Lavish parades for returning U.S. troops in Washington, DC and New York City have ended, giving Americans a sense of closure to the war in the Persian Gulf. But the forces our country helped unleash in the Persian Gulf rage on, as they will for years. The region's air, water, and soil -- and those who depend on them -- remain under assault.
U.S. forces laid waste to Iraq's electric power grid, which in turn disabled sewage and water systems. Raw waste flowed into streets and rivers, and diseases spread. Thousands of Iraqi children are dying from disease and starvation. Meanwhile, Kuwaiti oil wells set afire by Iraqi troops remain ablaze. Media stories have burned in our minds images of the fires, which darken the sky and pollute the region.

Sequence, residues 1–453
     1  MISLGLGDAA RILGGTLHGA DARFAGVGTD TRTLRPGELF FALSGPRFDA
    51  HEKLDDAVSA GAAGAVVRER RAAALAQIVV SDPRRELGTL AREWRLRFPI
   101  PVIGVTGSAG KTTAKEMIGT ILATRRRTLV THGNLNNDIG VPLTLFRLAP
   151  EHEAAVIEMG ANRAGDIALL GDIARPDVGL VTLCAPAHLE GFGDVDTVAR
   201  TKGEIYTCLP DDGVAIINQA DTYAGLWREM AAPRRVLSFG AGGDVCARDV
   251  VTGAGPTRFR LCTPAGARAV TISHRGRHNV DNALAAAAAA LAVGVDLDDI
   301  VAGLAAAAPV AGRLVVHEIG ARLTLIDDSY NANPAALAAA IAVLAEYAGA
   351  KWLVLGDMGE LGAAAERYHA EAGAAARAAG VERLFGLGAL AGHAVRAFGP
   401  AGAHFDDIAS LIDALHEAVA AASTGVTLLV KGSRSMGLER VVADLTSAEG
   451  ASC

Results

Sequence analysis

The Persian Gulf devastation is a testament to the dangers Art and Jocele Meyer write of in their recent release Earthkeepers: Environmental Perspectives on Hunger, Poverty, and Injustice. Though written before the Persian Gulf war, the book anticipates the risks of just such a conflict. The war in large measure was waged over cheap oil. "Cheap energy is what makes the affluent lifestyle of the industrialized world possible," the Meyers write. A threat to the finite oil supply -- and affluent lifestyle -- raises the risk of war, with the attendant destruction of people and the land where oil flows.
Earthkeepers considers the links between war and ecology, waste and want. As demonstrated in the Persian Gulf, war and the preparations for war scar the earth. The cycle also works in reverse, they point out, with a degraded environment leading to hunger, poverty, and conflict. The conflict may be over dwindling supplies of oil or clean drinking water. The result in all of this is "human suffering and the groaning of the earth."